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Nursing home adviser resigns amid allegations

Updated:
TULSA, Okla. (AP) _ The part owner and operator of a Hominy nursing home accused of multiple care deficiencies resigned Thursday from the state board that advises nursing home regulators.

Gov. Brad Henry asked Lloyd Haskins, the secretary, treasurer and part owner of Oklahoma Nursing Homes Ltd., to leave the Long-Term Care Advisory Board, a source told The Associated Press on condition of anonymity.

In a letter to Henry, Haskins said he would resign so that ``publicity'' about Hominy Nursing Home would not distract the board from its work toward ``improvement of services to the elderly in Oklahoma.''

Henry appointed Haskins to the board, which advises the Oklahoma Department of Health on nursing home issues, after recommendations came from a state nursing home industry group and a state senator.

``As I have said many times before, I will do whatever it takes to protect elderly and infirm Oklahomans,'' Henry said in a statement. ``My administration will not tolerate any form of abuse or neglect in Oklahoma nursing homes.''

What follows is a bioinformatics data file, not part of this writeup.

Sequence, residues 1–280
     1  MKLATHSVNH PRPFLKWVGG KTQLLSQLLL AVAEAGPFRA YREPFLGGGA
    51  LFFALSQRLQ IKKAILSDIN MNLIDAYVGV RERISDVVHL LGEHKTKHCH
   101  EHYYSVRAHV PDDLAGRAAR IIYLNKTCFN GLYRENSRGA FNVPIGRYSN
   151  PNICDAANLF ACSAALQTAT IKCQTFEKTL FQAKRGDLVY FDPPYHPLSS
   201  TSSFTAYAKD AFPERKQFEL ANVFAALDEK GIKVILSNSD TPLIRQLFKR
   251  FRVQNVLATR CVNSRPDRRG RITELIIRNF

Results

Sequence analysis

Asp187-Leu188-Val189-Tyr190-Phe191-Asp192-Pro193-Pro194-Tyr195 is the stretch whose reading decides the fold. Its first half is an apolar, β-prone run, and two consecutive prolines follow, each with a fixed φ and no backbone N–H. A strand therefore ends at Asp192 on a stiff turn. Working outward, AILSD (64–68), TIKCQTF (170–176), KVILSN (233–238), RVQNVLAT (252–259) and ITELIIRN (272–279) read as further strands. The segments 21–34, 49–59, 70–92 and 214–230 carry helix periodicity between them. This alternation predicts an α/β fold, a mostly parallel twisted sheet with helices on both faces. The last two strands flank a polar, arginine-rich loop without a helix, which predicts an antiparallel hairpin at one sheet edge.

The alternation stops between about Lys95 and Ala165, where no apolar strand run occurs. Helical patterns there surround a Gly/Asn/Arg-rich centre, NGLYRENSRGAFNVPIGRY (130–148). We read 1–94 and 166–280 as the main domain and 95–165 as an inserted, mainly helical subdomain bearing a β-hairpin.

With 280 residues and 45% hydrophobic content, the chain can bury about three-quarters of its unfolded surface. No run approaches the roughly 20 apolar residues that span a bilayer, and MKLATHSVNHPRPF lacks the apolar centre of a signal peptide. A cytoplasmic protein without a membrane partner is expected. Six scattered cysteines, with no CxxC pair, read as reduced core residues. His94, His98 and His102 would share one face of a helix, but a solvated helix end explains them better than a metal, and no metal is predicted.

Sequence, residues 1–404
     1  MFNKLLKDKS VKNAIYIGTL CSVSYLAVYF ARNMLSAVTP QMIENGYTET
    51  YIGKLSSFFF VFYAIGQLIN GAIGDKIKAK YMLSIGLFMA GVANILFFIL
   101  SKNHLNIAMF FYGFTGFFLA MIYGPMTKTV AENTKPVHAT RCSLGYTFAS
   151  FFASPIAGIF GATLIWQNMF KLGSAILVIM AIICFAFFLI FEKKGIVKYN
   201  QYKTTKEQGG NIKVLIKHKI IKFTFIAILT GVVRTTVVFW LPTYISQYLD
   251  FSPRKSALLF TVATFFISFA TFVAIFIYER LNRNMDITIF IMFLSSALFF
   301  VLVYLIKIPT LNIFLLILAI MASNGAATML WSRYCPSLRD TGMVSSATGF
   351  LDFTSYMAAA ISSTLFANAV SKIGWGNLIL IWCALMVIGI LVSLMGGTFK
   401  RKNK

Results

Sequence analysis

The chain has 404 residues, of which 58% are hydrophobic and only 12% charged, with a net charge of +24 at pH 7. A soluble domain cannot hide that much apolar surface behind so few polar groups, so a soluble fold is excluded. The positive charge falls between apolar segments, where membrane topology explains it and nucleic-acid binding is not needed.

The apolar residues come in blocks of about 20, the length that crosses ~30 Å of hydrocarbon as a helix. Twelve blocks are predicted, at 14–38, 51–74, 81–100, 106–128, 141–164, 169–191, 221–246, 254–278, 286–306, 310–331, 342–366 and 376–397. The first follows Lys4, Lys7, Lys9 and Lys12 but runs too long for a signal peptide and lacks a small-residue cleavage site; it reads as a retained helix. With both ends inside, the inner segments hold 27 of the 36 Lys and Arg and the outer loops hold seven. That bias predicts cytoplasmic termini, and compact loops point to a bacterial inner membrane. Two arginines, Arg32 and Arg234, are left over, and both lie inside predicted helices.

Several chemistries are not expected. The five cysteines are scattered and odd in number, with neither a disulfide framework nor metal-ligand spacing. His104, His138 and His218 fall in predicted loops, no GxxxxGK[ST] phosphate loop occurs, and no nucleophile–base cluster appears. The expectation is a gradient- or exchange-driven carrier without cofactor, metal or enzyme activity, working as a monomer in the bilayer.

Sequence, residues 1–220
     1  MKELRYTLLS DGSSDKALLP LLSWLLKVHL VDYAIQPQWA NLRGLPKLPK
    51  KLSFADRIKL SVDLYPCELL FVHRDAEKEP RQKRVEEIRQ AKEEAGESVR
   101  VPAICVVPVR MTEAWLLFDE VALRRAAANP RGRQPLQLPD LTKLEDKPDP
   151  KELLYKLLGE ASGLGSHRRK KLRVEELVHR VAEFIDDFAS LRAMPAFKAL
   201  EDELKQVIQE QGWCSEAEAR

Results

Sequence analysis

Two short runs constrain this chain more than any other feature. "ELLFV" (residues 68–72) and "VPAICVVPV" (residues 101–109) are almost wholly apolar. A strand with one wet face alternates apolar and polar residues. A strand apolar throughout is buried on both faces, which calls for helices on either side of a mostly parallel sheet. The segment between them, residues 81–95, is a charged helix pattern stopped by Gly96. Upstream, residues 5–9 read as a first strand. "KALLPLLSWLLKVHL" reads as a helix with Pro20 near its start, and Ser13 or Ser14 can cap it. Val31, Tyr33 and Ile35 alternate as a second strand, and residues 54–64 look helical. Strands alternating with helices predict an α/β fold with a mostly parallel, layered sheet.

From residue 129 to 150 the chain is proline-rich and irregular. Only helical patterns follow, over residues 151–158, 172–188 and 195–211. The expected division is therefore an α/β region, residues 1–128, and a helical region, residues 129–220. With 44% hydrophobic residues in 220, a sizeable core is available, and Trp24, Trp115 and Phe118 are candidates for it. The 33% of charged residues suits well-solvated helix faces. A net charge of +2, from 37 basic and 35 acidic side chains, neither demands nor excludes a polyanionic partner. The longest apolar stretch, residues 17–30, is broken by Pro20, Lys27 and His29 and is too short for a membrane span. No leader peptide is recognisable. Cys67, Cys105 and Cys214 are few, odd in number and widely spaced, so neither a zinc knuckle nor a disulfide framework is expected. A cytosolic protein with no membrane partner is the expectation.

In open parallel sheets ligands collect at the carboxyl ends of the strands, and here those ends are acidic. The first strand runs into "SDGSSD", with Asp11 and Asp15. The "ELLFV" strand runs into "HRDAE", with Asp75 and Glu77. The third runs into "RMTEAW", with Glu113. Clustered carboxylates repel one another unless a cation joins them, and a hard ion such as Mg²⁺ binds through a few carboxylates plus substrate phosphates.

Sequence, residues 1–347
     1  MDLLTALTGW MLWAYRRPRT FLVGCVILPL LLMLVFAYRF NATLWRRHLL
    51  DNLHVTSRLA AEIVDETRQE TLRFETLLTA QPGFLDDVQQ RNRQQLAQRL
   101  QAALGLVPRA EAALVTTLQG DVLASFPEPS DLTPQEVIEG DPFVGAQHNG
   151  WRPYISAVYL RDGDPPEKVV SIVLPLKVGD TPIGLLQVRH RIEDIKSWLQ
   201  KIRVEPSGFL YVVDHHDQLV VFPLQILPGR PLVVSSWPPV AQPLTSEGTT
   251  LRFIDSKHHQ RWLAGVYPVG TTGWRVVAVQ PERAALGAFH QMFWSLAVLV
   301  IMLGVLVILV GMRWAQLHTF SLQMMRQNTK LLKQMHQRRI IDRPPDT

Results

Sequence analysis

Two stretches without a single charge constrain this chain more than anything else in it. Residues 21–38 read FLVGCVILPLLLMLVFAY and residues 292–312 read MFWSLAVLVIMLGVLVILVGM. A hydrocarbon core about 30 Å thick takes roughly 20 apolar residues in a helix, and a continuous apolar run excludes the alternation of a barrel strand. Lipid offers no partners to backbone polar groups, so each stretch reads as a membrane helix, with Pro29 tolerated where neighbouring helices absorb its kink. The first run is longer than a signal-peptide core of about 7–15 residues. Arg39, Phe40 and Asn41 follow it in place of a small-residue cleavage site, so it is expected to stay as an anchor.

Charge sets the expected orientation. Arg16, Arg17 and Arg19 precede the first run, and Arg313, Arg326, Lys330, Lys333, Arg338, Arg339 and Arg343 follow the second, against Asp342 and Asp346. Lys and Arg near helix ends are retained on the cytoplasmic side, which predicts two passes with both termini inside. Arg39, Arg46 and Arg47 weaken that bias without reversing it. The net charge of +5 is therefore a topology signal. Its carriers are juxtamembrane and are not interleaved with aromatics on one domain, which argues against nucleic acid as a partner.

A health department report released Tuesday accused Hominy Nursing Home, one of 12 owned and operated by Oklahoma Nursing Homes Ltd., of 50 deficiencies.

Sixteen of those placed elderly, mentally ill and mentally retarded residents of the 63-bed facility in immediate jeopardy _ the most severe deficiency, the report said.

The report said the home failed to protect residents from physical and sexual abuse, punished residents by withholding privileges and other violations.

Fewer than 30 residents are now staying there and Norman attorney Fred Gipson was appointed as the facility's manager July 19. Department investigators spent about two weeks at the home last month.

Further, the report said Haskins told home employees not to speak to investigators and threatened retaliation against those who did, the report said.

Lt. Gov. Mary Fallin, a Republican, said the Democrat Henry should re-evaluate his methods for appointing members of state boards and commissions in light of this controversy.

``I hope we're not headed back to the days of ghost employees and stonewalled nursing home inspections, but these newest revelations are definitely cause for concern,'' Fallin said.

Henry appointed Haskins at the recommendation of the Oklahoma Association of Health Care Providers and Sen. Kenneth Corn, D-Howe. Haskins serves on the association's board.
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